We’ve been steadily harvesting from our fire escape garden over the past month: tomatoes every week, a handful of strawberries, a big bunch of chard. It’s not exactly satiable amounts, but freshly-picked produce that we grew ourselves just tastes better than store-bought, or even what we get from the CSA.
My mom was also a DREAM mom this week and shipped us plums from California. We have a tree in our backyard there that I eat off of all summer. This is the first summer I won’t be going home, so it was so nice to get a shoebox filled with them.
Phone photo of the tree via mom (who knows how to take phone pix and text now!)
I have to say my first Spring and Summer in New York has been amazing so far. Everything is green and alive (quite unlike Southern California). Sure, this week was HOT (in the 90s with thick humidity) but then the rain came and everything sort of reset. The thunderstorm yesterday was the biggest I’d ever witnessed. I bet our tomatoes and chard on the fire escape garden loved it.
Recently, we signed up for the Bushwick Food Co-op CSA and now, each week, we get to pick up farm fresh eggs, veggies, fruit and flowers. Our first share was overflowing with strawberries so we had to put them to quick use. We ate kale and eggs on toast with fresh strawberries on the side for a couple breakfasts in a row. Leah also baked a really tasty Strawberry Rhubarb crisp to finish off the berries before they could go bad.
Dylan moved to New York with most of his stuff in old wooden crates, and while we made a bookshelf out of most of them, there was one left over. We hung onto it for 6 months, thinking we’d eventually turn it into a planter. It took Dylan leaving for a 10-day California trip for my mom and I to decide to finally plant a little garden. We headed to the Union Square Greenmarket this morning for seedlings. Clockwise from the top, strawberries, swiss chard, and eggplant.
Moses soon interfered.
I couldn’t resist buying a few types of heirloom tomatoes, even though I had already grown two tomato plants at home from seeds. There are going to be so many tomatoes now! We also picked up two more planters because the one wood crate just wouldn’t fit all of these plants. So excited to see everything grow.
This is pretty much my favorite lunch and it’s simple. We are lucky to have a great tortillaria around the corner where we pick up fresh corn tortillas. Just add pinto beans, tomato, onion, cilantro, avocado, queso fresco, Tapatio & lime. Boom. It’s not the perfect taco but it reminds me of San Diego a little bit.
Dylan got me an all-vegetable cookbook for Christmas, and I immediately gravitated toward this recipe. Making the best food in the world, pickles, out of something that usually gets thrown away? I had to try it.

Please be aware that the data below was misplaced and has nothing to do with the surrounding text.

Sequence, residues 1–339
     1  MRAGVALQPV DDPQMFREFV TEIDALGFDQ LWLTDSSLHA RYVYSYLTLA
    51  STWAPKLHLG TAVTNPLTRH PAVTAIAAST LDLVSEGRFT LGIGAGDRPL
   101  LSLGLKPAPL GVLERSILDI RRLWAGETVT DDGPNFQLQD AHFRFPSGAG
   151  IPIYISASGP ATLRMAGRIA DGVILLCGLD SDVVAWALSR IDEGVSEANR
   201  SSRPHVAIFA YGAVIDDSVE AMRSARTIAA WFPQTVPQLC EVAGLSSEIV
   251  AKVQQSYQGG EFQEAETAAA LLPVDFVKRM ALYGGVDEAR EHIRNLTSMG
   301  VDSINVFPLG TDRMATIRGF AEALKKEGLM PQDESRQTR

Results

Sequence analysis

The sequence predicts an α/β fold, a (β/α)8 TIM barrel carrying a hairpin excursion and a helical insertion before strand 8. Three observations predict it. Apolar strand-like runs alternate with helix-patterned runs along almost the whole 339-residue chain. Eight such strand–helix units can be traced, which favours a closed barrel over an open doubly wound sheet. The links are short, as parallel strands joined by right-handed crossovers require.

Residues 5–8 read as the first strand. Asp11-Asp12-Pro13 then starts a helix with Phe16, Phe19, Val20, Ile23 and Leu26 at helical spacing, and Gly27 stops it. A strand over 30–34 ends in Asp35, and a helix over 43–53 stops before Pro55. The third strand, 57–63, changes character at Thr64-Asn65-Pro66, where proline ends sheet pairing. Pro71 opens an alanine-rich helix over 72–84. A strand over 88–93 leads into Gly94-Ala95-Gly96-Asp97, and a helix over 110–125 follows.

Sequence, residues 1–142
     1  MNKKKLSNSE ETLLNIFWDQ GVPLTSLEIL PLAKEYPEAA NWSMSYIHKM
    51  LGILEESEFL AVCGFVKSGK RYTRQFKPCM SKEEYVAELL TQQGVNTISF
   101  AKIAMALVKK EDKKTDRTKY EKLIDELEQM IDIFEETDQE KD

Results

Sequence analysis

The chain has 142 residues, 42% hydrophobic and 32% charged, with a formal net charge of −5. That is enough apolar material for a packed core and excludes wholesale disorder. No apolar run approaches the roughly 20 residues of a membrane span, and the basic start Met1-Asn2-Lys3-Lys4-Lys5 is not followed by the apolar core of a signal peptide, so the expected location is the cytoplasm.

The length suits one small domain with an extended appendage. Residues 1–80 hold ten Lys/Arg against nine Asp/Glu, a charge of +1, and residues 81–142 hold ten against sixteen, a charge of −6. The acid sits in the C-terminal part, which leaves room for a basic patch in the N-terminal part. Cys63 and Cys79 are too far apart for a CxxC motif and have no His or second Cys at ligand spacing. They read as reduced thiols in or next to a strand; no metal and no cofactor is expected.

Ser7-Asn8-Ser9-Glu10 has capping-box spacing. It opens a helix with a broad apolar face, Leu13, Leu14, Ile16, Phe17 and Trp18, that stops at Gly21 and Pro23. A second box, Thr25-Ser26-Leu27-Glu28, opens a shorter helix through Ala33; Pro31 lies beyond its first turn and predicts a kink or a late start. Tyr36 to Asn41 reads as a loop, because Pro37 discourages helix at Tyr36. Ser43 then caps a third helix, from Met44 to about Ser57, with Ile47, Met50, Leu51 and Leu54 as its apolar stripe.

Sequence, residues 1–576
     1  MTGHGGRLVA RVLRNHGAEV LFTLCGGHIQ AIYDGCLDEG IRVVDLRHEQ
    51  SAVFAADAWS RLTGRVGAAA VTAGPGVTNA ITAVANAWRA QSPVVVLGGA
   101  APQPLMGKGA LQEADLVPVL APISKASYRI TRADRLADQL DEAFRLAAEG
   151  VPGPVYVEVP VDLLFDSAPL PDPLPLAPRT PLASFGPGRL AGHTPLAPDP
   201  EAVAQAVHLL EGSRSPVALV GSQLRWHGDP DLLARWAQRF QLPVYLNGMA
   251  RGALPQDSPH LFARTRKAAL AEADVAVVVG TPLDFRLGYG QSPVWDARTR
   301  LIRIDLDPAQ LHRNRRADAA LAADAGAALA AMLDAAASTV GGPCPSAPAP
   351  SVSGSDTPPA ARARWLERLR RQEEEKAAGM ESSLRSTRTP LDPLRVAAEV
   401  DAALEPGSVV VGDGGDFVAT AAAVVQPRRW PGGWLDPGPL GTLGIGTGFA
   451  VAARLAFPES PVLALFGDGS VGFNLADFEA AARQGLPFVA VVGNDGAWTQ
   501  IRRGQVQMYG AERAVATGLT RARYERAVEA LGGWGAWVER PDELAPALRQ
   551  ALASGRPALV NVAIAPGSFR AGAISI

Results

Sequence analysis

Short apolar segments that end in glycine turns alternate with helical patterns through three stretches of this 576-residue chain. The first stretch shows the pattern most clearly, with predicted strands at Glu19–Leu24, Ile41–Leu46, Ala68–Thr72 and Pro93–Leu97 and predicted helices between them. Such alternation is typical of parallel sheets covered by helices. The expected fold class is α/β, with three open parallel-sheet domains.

The book is The Vegetable Dishes I Can’t Live Without by Molly Katzen. I love illustrated books and I love vegetables, so this was pretty much the perfect gift. There’s a pretty painted cluster of veggies on the cover, and black and white drawings throughout.
Here’s the recipe. You need at least 4 good broccoli stems, a tablespoon of light-colored honey, 1/2 cup of hot water, and 1/3 cup seasoned rice vinegar.
This is how much I used, which ended up being just a tad too much to fill a medium-sized jar. Trim and peel the stems, and then cut them into smaller piece.
The recipe said to cut 1/8″ thick, matchstick sized pieces, but I didn’t want to make them that small. I want my pickled broccoli like I want my pickled cucumbers. After they’re cut up, place in boiling water and lower heat to a simmer for 1-2 minutes. This’ll soften them just a bit. Drain in cold water.
This is what you need for the brine. Place the tablespoon of honey into a big bowl and add the hot water. Dissolve the honey into the water and then add the rice vinegar. Mix in the broccoli stalks and let sit at room temperature for 20 minutes before transferring into the jar and refrigerating.
That’s it! We added some garlic and red pepper flakes at the last minute because you can’t really go wrong there. Since I cut thicker slices, the pickling will take longer than the recipe calls for (minimum of 4 hrs). After a few days these should be ready to eat.
If there was a big annual pickle festival, Leah and I would be there every year (OH WAIT – there is). While McClure’s has better label design, Brooklyn Brine Co. is definitely our favorite right now. We bought each other some really tasty, spicy, tangy treats for Christmas – I mean damn, have you seen Sriracha bitters before?! This stuff will last maybe a month, not even.